If Albert Einstein were alive, he would have a copy of The Road to Reality on his bookshelf. So would Isaac Newton. This may be the most complete mathematical explanation of the universe yet published, and Roger Penrose richly deserves the accolades he will receive for it. That said, let us be perfectly clear: this is not an easy book to read. The number of people in the world who can understand everything in it could probably take a taxi together to Penrose’s next lecture. Still, math-friendly readers looking for a substantial and possibly even thrillingly difficult intellectual experience should pick up a copy (carefully—it’s over a thousand pages long and weighs nearly 4 pounds) and start at the beginning, where Penrose sets out his purpose: to describe “the search for the underlying principles that govern the behavior of our universe.” Beginning with the deceptively simple geometry of Pythagoras and the Greeks, Penrose guides readers through the fundamentals—the incontrovertible bricks that hold up the fanciful mathematical structures of later chapters. From such theoretical delights as complex-number calculus, Riemann surfaces, and Clifford bundles, the tour takes us quickly on to the nature of spacetime. The bulk of the book is then devoted to quantum physics, cosmological theories (including Penrose’s favored ideas about string theory and universal inflation), and what we know about how the universe is held together. For physicists, mathematicians, and advanced students, The Road to Reality is an essential field guide to the universe. For enthusiastic amateurs, the book is a project to tackle a bit at a time, one with unimaginable intellectual rewards. —Therese Littleton 

From Publishers Weekly

At first, this hefty new tome from Oxford physicist Penrose (The Emperor’s NewMind) looks suspiciously like a textbook, complete with hundreds of diagrams and pages full of mathematical notation. On a closer reading, however, one discovers that the book is something entirely different and far more remarkable. Unlike a textbook, the purpose of which is purely to impart information, this volume is written to explore the beautiful and elegant connection between mathematics and the physical world. Penrose spends the first third of his book walking us through a seminar in high-level mathematics, but only so he can present modern physics on its own terms, without resorting to analogies or simplifications (as he explains in his preface, “in modern physics, one cannot avoid facing up to the subtleties of much sophisticated mathematics”). Those who work their way through these initial chapters will find themselves rewarded with a deep and sophisticated tour of the past and present of modern physics. Penrose transcends the constraints of the popular science genre with a unique combination of respect for the complexity of the material and respect for the abilities of his readers. This book sometimes begs comparison with Stephen Hawking’s A Brief History of Time, and while Penrose’s vibrantly challenging volume deserves similar success, it will also likely lie unfinished on as many bookshelves as Hawking’s. For those hardy readers willing to invest their time and mental energies, however, there are few books more deserving of the effort. 390 illus. (Feb. 24)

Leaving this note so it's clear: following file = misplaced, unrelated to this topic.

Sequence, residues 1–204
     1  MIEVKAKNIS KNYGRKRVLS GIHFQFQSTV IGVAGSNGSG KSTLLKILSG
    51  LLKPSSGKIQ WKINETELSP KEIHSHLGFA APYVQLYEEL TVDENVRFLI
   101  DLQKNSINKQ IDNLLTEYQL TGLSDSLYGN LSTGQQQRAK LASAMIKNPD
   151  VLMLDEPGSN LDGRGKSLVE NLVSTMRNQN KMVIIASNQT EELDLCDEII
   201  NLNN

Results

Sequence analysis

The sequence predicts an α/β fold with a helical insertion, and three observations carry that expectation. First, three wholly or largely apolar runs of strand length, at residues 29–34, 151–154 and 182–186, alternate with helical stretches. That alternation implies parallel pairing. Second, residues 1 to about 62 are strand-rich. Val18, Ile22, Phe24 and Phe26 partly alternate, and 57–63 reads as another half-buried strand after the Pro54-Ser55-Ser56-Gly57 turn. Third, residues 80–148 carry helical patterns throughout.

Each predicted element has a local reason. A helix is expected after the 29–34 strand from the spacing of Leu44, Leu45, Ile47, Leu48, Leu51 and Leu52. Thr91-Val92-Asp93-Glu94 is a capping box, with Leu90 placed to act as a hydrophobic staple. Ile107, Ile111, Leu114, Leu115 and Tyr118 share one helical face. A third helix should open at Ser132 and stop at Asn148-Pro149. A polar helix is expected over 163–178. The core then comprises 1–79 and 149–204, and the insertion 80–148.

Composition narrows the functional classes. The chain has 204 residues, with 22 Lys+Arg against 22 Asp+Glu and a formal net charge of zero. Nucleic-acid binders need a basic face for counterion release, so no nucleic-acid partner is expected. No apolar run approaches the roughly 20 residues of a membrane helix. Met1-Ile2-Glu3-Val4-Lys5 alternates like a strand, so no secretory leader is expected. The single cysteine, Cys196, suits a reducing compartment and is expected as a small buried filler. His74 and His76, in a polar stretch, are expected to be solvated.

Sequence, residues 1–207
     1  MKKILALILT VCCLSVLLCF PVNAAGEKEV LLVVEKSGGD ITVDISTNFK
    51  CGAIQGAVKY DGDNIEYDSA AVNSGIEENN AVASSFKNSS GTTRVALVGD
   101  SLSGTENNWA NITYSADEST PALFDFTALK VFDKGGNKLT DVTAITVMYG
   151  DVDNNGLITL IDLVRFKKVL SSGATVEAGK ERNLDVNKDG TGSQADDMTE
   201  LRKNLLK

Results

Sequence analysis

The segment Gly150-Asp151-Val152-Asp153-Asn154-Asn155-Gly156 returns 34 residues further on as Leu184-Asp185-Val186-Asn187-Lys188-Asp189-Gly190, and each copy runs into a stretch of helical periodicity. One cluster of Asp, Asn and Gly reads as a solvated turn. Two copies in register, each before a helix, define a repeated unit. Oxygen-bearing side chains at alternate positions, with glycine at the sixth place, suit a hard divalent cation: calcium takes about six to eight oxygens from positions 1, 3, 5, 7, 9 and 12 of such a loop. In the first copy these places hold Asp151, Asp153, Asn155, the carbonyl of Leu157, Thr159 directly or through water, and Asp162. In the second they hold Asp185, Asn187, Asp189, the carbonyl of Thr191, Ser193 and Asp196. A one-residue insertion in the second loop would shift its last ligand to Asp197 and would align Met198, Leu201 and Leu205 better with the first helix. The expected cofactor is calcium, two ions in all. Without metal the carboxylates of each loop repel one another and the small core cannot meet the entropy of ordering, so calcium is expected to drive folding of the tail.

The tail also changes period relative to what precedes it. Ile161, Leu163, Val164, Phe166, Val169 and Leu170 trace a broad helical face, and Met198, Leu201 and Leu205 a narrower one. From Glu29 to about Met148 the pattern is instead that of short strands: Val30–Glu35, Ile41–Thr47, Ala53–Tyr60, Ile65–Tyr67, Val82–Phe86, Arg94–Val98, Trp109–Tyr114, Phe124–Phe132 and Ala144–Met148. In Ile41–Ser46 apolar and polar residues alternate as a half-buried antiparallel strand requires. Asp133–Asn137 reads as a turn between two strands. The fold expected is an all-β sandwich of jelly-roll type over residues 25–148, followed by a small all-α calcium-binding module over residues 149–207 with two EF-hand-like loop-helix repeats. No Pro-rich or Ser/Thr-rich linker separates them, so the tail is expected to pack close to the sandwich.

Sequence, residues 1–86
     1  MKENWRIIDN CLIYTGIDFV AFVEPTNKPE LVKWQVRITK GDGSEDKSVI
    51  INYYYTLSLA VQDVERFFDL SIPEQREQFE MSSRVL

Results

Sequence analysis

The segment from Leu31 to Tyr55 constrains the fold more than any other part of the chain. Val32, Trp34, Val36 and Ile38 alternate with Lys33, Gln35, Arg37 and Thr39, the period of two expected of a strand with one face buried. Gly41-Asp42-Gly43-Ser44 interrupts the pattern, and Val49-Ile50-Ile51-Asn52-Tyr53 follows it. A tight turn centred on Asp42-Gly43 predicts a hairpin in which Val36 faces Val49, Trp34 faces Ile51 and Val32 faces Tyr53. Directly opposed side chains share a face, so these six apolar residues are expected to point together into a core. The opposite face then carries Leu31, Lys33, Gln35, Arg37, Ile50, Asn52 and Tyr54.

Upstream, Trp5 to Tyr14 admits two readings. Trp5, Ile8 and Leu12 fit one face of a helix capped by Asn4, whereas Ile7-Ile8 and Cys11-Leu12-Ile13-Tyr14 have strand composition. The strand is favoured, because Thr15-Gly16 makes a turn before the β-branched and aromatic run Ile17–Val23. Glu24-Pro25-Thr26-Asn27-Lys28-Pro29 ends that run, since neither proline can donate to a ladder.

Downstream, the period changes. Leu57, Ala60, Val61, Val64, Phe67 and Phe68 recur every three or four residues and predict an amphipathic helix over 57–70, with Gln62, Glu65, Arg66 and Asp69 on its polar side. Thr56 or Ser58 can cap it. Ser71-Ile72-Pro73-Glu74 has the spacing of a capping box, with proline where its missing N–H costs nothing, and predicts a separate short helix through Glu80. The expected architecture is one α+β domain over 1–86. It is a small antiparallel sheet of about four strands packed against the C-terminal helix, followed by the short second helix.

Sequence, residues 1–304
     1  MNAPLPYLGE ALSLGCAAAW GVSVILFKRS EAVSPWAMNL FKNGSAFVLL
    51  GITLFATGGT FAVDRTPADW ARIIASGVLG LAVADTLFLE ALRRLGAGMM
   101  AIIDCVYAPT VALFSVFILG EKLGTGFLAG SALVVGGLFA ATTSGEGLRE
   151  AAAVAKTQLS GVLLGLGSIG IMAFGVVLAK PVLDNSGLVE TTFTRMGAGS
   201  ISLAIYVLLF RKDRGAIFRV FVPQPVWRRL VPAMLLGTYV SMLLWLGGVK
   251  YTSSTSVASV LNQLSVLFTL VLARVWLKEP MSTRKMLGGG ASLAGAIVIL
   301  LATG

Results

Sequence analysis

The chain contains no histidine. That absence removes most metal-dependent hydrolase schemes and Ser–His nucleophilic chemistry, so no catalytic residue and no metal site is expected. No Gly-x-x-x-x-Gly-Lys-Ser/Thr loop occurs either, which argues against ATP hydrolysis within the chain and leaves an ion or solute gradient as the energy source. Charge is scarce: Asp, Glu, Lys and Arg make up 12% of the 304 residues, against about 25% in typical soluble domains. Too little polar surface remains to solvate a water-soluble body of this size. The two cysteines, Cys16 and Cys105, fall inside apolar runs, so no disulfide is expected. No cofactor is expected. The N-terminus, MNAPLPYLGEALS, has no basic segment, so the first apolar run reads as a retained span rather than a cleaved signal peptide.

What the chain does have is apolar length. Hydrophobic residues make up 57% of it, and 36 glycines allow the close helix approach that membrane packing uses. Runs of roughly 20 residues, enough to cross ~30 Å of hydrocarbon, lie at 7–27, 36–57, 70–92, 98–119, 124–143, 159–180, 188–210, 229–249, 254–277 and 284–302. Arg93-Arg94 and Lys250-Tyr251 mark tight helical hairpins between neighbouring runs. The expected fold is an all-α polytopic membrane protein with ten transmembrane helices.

http://www.amazon.com/Feynman-Lectures-Physics-boxed-set/dp/0465023827/ref=sr_1_3?s=books&ie=UTF8&qid=1406717371&sr=1-3&keywords=feynman&dpPl=1
"The whole thing was basically an experiment," Richard Feynman said late in his career, looking back on the origins of his lectures. The experiment turned out to be hugely successful, spawning a book that has remained a definitive introduction to physics for decades. Ranging from the most basic principles of Newtonian physics through such formidable theories as general relativity and quantum mechanics, Feynman’s lectures stand as a monument of clear exposition and deep insight. Now, we are reintroducing the printed books to the trade, fully corrected, for the first time ever, and in collaboration with Caltech. Timeless and collectible, the lectures are essential reading, not just for students of physics but for anyone seeking an introduction to the field from the inimitable Feynman.

http://www.amazon.com/Feynman-Lectures-Physics-boxed-set/dp/0465023827/ref=sr_1_3?s=books&ie=UTF8&qid=1406717371&sr=1-3&keywords=feynman&dpPl=1

"The whole thing was basically an experiment," Richard Feynman said late in his career, looking back on the origins of his lectures. The experiment turned out to be hugely successful, spawning a book that has remained a definitive introduction to physics for decades. Ranging from the most basic principles of Newtonian physics through such formidable theories as general relativity and quantum mechanics, Feynman’s lectures stand as a monument of clear exposition and deep insight. Now, we are reintroducing the printed books to the trade, fully corrected, for the first time ever, and in collaboration with Caltech. Timeless and collectible, the lectures are essential reading, not just for students of physics but for anyone seeking an introduction to the field from the inimitable Feynman.

Atomic discourse inThe Feynman Lectures on Physics, David A. Edwards

http://www.math.uga.edu/%7Edavide/Atomic_Discourse_in_the_Feynman_Lectures_on_Physics.pdf

We examine the compromises that are actually made in modern scientific discourse concerning atoms. We conclude that even the ideals of clarity and consistency can be legitimately compromised in order to obtain other advantages.

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de-preciated:

wiwaxy peaks (by calguru)

de-preciated:

wiwaxy peaks (by calguru)

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floralls:

Exploring the world. (by Carola Photography ∞)

floralls:

Exploring the world. (by Carola Photography ∞)

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antandros:

Beautiful Holland

antandros:

Beautiful Holland

etherealvistas:

Apron (Bosnia and Herzegovina) by Michał Sleczek

etherealvistas:

Apron (Bosnia and Herzegovina) by Michał Sleczek

(via illusionwanderer)

(Source: the-hungrygames)